Not in the clamor of the crowded street, not in the shouts and plaudits of the throng, but in ourselves, are triumph and defeat.--Henry Wadsworth Longfellow

REDIRECT ALERT! (Scroll down past this mess if you're trying to read an archived post. Thanks. No, really, thanks.)

Due to my inability to control my temper and complacently accept continued silliness with not-quite-as-reliable-as-it-ought-to-be Blogger/Blogspot, your beloved Possumblog will now waddle across the Information Dirt Road and park its prehensile tail at http://possumblog.mu.nu.

This site will remain in place as a backup in case Munuvia gets hit by a bus or something, but I don't think they have as much trouble with this as some places do. ::cough::blogspot::cough:: So click here and adjust your links. I apologize for the inconvenience, but it's one of those things.

Monday, June 21, 2004

Don't let facts get in your way.

Just in case anyone wants the actual information about the relative power of various rifle cartridges, this is a link to a comparison chart of a wide variety of ammunition. In comparing the muzzle energy of each type of round (the mass of the bullet times its velocity) remember that the higher the number, the more powerful the round. For comparison's sake, the Soviet 7.62x39 (7.62 millimeters is about .30 caliber) round as used in the SKS and AK rifles produces a muzzle energy of 1552 pound-feet of energy. And yes, that's a lot, and yes, such a round has obvious deadly potential. But the argument often repeated in the last few days in the various local media is that this bullet is so incredibly powerful, so dangerous, so lethal, that it's inconceivable why anyone would have any use for it.

As I said Thursday, though, the argument that this cartridge is so horrendously wicked is easily refuted--that is, if any of the reporter folks actually wanted to do some research and find out something other than their preconceived ideas.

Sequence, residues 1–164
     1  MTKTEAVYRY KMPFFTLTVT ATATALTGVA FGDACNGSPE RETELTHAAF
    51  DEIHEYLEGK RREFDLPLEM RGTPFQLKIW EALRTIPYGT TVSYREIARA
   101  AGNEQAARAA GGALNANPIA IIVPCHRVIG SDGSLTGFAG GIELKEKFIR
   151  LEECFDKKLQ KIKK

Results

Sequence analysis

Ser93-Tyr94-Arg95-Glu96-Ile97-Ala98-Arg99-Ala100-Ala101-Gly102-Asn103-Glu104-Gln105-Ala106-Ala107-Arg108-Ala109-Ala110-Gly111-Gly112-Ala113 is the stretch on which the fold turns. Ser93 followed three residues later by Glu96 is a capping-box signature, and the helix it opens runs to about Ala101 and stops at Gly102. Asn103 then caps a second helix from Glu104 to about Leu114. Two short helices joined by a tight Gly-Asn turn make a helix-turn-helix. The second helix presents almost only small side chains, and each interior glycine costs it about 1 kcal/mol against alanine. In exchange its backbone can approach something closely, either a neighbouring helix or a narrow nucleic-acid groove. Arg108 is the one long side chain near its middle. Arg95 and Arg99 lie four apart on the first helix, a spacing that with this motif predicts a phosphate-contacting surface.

The idea that if this cartridge were somehow gone means officers would be safer is ludicrous on the face of it--look at some of the other calibers in the chart. A popular deer rifle cartridge such as the .30-30? 1902 lb.ft. of energy. The .270 Winchester? 2705 lb.ft. The .30-'06? 2913. The only other current military-type round on the chart that has LESS power than the Soviet 7.62 is none other than the .223 Remington, which is also known at the 5.56 NATO round, used in hundreds of small game rifles as well as the military M-16 and its civilian, semi-auto versions. Its energy? 1282 lb.ft.

To vilify one type of ammunition or firearm simply out of ignorance or based upon its scary appearance doesn't solve anything, nor does attempting to make them seem more deadly than they are. Any gun, no matter if it's a BB gun, can be deadly in the wrong hands. Perhaps the question needs to be asked--what sort of society is it where a man decides it's okay to kill cops?

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